Wednesday, November 17, 2010

"Cowboys & Aliens" trailer brings me out of blog-oblivion

It's been a long time since we've seen Harrison Ford in a non-Indiana Jones big-budget adventure. Even watching this trailer, I can't quite tell what his role is going to be, but that's one of the things I loved about it. Daniel Craig heads the cast (in the production that I think replaced the postponed James Bond film), and this early look of the movie is slick and just mysterious enough to make me really excited. As I have said before, it's not very often that studios these days give big budgets for scripts that don't come with a built-in fanbase; let's hope Cowboys & Aliens doesn't disappoint.

Thursday, September 23, 2010

Shiny new "Harry Potter" trailer

We're less than two months away from the first part of the epic-looking Harry Potter finale. I just dare you to watch this trailer without getting goosebumps:

Part I of The Deathly Hallows opens on my birthday, November 19. Enjoy!

Thursday, September 09, 2010

Fall TV premiere dates

The summer TV drought is almost over. The hilarious Herc from Ain't It Cool News recently posted the fall premiere dates for all your favorite TV shows. You can view them alphabetically or by date by clicking here.

The ones that are of interest to me, for those of you who are dying to know, are as follows:
  • Survivor (CBS) Sept. 15 (now on Wednesdays)

  • The Middle (ABC) Sept. 22

  • Modern Family (ABC) Sept. 22

  • The Office (NBC) Sept. 23

  • 30 Rock (NBC) Sept. 23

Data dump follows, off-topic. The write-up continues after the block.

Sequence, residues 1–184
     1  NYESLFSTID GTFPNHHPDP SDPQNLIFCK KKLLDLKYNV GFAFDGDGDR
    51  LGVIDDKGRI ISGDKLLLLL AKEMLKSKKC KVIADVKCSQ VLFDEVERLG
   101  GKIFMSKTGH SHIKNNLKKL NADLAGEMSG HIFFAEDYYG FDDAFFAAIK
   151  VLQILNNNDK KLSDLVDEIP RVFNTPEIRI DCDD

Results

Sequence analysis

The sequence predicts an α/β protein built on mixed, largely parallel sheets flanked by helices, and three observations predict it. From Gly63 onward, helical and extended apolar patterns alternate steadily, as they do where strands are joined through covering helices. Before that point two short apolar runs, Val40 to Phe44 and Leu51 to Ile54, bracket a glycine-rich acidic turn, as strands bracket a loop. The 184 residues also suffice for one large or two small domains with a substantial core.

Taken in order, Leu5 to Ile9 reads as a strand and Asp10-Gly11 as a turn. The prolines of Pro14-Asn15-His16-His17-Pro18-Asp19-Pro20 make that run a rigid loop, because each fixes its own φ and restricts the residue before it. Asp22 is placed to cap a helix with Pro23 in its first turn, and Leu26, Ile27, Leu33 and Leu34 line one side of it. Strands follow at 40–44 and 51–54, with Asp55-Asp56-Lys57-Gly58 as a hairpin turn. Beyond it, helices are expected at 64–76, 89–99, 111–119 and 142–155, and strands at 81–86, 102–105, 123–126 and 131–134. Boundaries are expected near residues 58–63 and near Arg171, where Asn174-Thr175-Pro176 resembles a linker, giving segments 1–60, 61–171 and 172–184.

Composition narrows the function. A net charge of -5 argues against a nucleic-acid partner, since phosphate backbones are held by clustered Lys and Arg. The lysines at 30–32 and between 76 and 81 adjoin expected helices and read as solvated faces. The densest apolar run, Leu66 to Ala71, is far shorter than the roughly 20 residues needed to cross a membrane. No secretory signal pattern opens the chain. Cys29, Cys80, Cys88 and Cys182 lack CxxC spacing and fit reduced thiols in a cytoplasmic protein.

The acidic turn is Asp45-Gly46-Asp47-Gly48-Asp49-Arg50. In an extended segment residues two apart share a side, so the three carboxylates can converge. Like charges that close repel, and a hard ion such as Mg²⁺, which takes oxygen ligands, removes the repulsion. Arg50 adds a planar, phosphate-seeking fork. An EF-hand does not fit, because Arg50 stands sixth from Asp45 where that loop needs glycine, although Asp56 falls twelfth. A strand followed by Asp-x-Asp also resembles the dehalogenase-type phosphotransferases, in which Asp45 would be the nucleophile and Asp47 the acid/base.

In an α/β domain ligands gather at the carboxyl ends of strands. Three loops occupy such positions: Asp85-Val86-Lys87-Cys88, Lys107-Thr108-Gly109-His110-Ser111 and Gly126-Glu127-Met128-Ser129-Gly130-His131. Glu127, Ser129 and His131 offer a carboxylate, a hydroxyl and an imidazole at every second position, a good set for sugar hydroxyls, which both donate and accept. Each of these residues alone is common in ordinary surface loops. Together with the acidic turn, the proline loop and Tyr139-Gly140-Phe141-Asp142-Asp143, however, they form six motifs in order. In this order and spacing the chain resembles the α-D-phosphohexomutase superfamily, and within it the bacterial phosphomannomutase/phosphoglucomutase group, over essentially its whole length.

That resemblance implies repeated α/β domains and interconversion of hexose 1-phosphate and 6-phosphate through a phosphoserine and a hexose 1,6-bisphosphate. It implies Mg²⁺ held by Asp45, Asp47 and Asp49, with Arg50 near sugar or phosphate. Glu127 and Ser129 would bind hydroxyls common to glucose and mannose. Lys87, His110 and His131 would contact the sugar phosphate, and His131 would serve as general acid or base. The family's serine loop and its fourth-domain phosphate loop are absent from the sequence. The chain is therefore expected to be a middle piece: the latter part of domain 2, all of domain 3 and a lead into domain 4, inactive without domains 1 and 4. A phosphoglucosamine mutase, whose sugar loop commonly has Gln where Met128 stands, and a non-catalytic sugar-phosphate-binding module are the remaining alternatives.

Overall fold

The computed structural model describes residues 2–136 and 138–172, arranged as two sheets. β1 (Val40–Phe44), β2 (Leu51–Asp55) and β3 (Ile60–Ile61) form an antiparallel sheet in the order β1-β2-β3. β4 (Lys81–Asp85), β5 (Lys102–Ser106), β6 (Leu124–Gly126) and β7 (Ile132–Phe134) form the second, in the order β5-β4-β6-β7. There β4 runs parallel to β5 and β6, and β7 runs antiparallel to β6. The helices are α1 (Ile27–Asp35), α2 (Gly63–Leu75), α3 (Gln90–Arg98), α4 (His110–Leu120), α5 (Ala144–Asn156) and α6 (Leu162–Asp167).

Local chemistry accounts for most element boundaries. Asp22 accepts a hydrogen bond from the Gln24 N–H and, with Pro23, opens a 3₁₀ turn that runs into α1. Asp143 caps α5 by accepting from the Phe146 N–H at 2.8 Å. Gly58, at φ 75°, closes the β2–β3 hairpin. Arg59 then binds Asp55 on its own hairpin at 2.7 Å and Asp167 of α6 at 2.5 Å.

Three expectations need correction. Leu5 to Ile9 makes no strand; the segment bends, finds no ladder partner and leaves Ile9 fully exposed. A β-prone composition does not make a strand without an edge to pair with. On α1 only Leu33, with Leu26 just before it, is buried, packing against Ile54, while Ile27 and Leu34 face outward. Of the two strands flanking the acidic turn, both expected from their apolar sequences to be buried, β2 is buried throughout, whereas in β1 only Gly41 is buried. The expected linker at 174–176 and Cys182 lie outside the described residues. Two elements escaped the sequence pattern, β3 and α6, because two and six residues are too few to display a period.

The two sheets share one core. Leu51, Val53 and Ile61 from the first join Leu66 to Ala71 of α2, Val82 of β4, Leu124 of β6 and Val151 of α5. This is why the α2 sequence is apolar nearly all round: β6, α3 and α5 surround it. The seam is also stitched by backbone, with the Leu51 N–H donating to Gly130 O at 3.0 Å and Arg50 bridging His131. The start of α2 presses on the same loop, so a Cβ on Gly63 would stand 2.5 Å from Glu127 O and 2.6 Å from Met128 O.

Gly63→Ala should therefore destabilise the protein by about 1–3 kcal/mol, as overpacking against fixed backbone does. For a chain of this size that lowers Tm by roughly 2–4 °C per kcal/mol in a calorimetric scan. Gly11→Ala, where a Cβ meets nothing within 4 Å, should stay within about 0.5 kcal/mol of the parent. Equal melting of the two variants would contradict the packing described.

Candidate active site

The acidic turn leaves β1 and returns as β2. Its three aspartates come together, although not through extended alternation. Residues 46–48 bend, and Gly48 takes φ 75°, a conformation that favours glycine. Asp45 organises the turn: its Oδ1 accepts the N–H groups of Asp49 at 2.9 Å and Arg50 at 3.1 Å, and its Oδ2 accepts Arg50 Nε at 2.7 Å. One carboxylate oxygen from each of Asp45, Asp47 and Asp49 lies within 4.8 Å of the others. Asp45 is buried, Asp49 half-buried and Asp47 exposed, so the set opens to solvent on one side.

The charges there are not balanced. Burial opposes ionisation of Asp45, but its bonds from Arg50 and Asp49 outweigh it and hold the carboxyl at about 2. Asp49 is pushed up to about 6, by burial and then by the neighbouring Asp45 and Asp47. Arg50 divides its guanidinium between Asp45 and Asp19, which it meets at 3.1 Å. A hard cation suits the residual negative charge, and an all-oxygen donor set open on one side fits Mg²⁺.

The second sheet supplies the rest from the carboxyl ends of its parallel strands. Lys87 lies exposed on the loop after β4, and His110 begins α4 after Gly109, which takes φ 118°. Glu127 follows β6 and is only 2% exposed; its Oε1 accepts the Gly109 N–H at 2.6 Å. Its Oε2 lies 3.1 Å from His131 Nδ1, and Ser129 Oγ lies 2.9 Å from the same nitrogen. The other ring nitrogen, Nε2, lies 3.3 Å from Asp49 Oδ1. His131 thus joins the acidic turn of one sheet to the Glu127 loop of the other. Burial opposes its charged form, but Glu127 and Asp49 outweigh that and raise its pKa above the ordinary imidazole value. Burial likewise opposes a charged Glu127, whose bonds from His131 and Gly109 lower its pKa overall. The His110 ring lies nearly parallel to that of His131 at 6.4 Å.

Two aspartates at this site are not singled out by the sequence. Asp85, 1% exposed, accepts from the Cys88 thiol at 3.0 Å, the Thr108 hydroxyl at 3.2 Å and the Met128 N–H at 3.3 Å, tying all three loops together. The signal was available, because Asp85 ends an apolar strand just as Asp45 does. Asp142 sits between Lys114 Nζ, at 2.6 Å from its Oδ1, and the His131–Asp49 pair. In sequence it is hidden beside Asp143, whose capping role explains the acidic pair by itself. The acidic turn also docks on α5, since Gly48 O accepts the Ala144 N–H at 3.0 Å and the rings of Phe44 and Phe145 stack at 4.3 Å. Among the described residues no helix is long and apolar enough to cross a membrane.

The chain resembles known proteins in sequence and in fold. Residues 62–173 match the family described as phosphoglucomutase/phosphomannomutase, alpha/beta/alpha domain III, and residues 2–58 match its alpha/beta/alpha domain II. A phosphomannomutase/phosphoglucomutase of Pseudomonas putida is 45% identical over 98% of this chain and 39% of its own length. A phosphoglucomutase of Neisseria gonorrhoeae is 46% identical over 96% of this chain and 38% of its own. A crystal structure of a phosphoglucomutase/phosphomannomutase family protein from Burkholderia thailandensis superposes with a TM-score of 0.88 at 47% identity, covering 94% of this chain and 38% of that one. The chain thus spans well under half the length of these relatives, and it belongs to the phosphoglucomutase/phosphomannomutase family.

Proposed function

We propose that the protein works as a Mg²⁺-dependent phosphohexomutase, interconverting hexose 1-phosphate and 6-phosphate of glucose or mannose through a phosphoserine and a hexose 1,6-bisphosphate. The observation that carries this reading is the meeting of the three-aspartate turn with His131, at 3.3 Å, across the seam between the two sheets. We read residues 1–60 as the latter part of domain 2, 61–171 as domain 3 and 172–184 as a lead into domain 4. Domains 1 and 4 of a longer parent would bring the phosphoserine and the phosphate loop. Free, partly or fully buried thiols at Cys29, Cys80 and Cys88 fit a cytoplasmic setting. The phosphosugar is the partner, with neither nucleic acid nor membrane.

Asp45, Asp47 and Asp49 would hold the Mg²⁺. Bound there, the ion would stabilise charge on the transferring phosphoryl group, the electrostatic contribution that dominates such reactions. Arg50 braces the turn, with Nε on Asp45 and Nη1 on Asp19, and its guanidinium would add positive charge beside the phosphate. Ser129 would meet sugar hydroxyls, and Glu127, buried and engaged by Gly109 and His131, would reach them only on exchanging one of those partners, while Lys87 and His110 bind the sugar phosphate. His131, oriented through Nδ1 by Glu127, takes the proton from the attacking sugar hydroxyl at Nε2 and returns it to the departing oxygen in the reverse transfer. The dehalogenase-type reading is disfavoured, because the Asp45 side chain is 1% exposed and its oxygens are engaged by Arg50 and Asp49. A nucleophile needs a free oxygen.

• The Amazing Race (CBS) Sept. 26

  • The Good Wife (CBS) Sept. 28

  • Friday Night Lights (DirecTV) Oct. 27 (this won't show up on NBC until the spring...)

Of the new shows that are premiering, I can't say I'm overly interested in any of them. I'll watch the reviews and see if anything noteworthy emerges from the pack.


Wednesday, June 30, 2010

Terrorists vs. vampires

The Onion has a funny (and fabricated) feature today about the terrorists alleged admiration of Stephanie Meyer and her vampire/werewolf saga. Unlike Ms. Meyer's Twilight novels, this video is intentionally funny.

Al-Qaeda Calls Off Attack On Nation's Capitol To Spare Life Of 'Twilight' Author

Friday, June 18, 2010

Ranking Pixar from "worst" to best

I really can't wait to see Toy Story 3, hopefully soon. The reviews have been unanimously positive, and what else has there been this summer? Anyway, the critics at did an interesting exercise today, ranking Pixar's first ten movies from "worst" (it's all relative here) to best. The list was interesting, but had some definite head scratchers, such as Monsters, Inc. in the bottom two. Really?

So, keeping in mind that I really love all of these movies, here is my top 10 list (number one being the best):

10. Cars: A fun movie, and beautiful to look at (especially if you're into cars), but still my least favorite because it is a little predictable. I might feel differently if I had a little boy, though.
9. A Bug's Life: A creative look at the grasshopper/ant hierarchy with some terrific moments (I still giggle about Flik's failed "this rock is a seed" metaphor), but really just the tip of the Pixar iceberg of greatness. Plus, the plot feels lifted from Three Amigos.